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AlanPater

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  1. AlanPater

    Science of Fasting !

    Could it have to do with mobilization of body fat tissue lipids upon fasting? It would be transitory if this were the case.
  2. Previous COVID infection provides an 'edge' over Omicron — especially with vaccination 2 doses plus infection is comparable to 3 doses at preventing severe COVID-19: study Adam Miller · CBC News · Posted: May 07, 2022 https://www.cbc.ca/news/health/covid-infection-protection-omicron-canada-1.6444674 >>>>>>>>>>>>>>>>>>>>>>>>>> Protection against Omicron re-infection conferred by prior heterologous SARS-CoV-2 infection, with and without mRNA vaccination View ORCID ProfileSara Carazo, View ORCID ProfileDanuta M. Skowronski, View ORCID ProfileMarc Brisson, View ORCID ProfileChantal Sauvageau, View ORCID ProfileNicholas Brousseau, View ORCID ProfileRodica Gilca, View ORCID ProfileManale Ouakki, View ORCID ProfileSapha Barkati, Judith Fafard, View ORCID ProfileDenis Talbot, View ORCID ProfileVladimir Gilca, Geneviève Deceuninck, Christophe Garenc, Alex Carignan, Philippe De Wals, View ORCID ProfileGaston De Serres doi: https://doi.org/10.1101/2022.04.29.22274455 Abstract Importance Omicron is phylogenetically- and antigenically-distinct from earlier SARS-CoV-2 variants and the original vaccine strain. Protection conferred by prior SARS-CoV-2 infection against Omicron re-infection, and the added value of vaccination, require quantification. Objective To estimate protection against Omicron re-infection and hospitalization conferred by prior heterologous SARS-CoV-2 (non-Omicron) infection and/or up to three doses of (ancestral, Wuhan-like) mRNA vaccine. Design Test-negative study between December 26 (epi-week 52), 2021 and March 12 (epi-week 10), 2022. Setting Population-based, province of Quebec, Canada Participants Community-dwelling ≥12-year-olds tested for SARS-CoV-2. Exposures Prior laboratory-confirmed infection with/without mRNA vaccination. Outcomes Laboratory-confirmed SARS-CoV-2 re-infection and hospitalization, presumed Omicron by genomic surveillance. The odds of prior non-Omicron infection with/without vaccination were compared among Omicron cases/hospitalizations versus test-negative controls (single randomly-selected per individual). Adjusted odds ratios controlled for age, sex, testing-indication and epi-week. Analyses were stratified by severity and time since last non-Omicron infection or vaccine dose. Results Without vaccination, prior non-Omicron infection reduced the Omicron re-infection risk by 44% (95%CI:38-48), decreasing from 66% (95%CI:57-73) at 3-5 months to 35% (95%CI:21-47) at 9-11 months post-infection and <30% thereafter. The more severe the prior infection, the greater the risk reduction: 8% (95%CI:17-28), 43% (95%CI:37-49) and 68% (95%CI:51-80) for prior asymptomatic, symptomatic ambulatory or hospitalized infections. mRNA vaccine effectiveness against Omicron infection was consistently significantly higher among previously-infected vs. non-infected individuals at 65% (95%CI:63-67) vs. 20% (95%CI:16-24) for one-dose; 68% (95%CI:67-70) vs. 42% (95%CI:41-44) for two doses; and 83% (95%CI:81-84) vs. 73% (95%CI:72-73) for three doses. Infection-induced protection against Omicron hospitalization was 81% (95%CI: 66-89) increasing to 86% (95%CI:77-99) with one, 94% (95%CI:91-96) with two and 97%(95%CI:94-99) with three mRNA vaccine doses. Two-dose effectiveness against hospitalization among previously-infected individuals did not wane across 11 months and did not significantly differ from three-dose effectiveness despite longer follow-up (median 158 and 27 days, respectively). Conclusions and relevance Prior heterologous SARS-CoV-2 infection provided substantial and sustained protection against Omicron hospitalization, greatest among those also vaccinated. In the context of program goals to prevent severe outcomes and preserve healthcare system capacity, >2 doses of ancestral Wuhan-like vaccine may be of marginal incremental value to previously-infected individuals.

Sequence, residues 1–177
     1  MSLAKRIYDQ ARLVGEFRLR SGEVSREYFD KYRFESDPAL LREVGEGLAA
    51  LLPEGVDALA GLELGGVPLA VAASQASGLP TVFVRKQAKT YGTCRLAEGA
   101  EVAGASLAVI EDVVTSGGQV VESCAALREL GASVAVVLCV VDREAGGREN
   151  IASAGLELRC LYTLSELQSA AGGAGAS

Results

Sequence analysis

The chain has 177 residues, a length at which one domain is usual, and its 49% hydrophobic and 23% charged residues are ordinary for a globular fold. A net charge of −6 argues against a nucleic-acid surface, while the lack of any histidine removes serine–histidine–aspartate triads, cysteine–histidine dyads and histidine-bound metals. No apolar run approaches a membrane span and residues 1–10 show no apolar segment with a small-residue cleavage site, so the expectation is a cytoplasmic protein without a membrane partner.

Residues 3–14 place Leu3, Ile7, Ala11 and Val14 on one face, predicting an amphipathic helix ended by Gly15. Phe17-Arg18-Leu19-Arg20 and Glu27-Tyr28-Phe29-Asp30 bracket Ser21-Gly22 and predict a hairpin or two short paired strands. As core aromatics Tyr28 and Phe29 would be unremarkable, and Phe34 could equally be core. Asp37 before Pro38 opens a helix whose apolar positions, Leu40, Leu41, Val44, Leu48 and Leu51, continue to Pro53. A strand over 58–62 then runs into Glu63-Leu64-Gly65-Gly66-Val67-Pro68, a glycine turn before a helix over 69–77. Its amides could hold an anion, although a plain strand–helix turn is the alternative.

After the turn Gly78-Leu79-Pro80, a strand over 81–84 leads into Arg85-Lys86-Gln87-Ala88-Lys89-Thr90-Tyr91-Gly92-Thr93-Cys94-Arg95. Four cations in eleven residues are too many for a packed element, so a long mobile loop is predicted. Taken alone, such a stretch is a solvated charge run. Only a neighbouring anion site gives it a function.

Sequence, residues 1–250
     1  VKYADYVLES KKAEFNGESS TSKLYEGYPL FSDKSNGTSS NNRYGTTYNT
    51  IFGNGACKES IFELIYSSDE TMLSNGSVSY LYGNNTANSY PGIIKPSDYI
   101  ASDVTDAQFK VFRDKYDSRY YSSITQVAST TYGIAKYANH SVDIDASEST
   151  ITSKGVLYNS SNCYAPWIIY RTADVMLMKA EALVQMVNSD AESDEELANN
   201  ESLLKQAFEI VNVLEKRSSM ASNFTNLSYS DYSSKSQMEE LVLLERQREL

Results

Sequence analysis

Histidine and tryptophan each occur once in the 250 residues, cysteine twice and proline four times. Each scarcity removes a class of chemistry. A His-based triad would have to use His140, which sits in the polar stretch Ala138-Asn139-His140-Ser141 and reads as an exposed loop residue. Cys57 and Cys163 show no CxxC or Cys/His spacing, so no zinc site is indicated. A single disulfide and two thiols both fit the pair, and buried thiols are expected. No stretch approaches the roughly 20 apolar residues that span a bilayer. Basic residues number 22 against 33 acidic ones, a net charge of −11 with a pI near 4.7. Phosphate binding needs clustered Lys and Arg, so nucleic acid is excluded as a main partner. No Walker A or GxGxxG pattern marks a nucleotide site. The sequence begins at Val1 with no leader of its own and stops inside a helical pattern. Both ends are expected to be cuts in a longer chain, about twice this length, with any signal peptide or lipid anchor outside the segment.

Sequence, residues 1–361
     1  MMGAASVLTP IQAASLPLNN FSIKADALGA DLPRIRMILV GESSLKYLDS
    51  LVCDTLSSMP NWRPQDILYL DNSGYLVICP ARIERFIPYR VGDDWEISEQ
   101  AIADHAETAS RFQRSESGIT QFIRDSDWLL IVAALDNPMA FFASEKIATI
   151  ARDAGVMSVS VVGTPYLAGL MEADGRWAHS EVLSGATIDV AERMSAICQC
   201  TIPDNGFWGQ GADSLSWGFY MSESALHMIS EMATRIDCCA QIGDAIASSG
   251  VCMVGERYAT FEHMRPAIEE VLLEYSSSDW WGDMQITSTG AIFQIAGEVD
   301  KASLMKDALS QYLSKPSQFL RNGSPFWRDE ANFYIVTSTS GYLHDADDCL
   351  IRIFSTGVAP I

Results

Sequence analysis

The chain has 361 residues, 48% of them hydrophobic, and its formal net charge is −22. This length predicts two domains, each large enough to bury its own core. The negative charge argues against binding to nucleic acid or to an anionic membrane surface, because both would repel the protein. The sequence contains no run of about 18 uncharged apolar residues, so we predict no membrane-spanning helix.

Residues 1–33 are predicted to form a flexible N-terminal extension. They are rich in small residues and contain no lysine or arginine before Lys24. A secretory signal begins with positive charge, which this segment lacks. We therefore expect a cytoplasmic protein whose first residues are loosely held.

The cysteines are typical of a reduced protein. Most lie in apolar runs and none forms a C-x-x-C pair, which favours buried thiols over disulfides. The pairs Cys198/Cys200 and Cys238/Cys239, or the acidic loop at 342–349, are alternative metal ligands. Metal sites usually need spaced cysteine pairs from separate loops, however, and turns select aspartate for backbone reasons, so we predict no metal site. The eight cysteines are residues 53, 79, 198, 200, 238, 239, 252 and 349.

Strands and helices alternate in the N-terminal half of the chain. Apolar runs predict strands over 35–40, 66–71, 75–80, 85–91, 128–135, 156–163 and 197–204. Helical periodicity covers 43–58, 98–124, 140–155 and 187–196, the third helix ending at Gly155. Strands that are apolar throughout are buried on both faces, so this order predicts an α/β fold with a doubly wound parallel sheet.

3. The violent attack that turned a man into a maths genius https://www.bbc.com/future/article/20190411-the-violent-attack-that-turned-a-man-into-a-maths-genius
  4. I am surprised at what bad things have happened to bright minds by the pandemic. What the heck happened to John Ioannidis? John Ioannidis is one of the most published and influential scientists in the world, someone whose skewering of bad medical research we at SBM have frequently lauded over the years. Then the COVID-19 pandemic hit. Since then, Prof. Ioannidis has been publishing dubious studies that minimize the dangers of the coronavirus, shown up in the media to decry “lockdowns,” and, most recently, “punched down”, attacking a graduate student for having criticized him. What happened? Did Prof. Ioannidis change, or was he always like this and I just didn’t see it? Either way, he’s a cautionary tale of how even science watchdogs can fall prey to hubris. David Gorski on March 29, 2021 https://sciencebasedmedicine.org/what-the-heck-happened-to-john-ioannidis/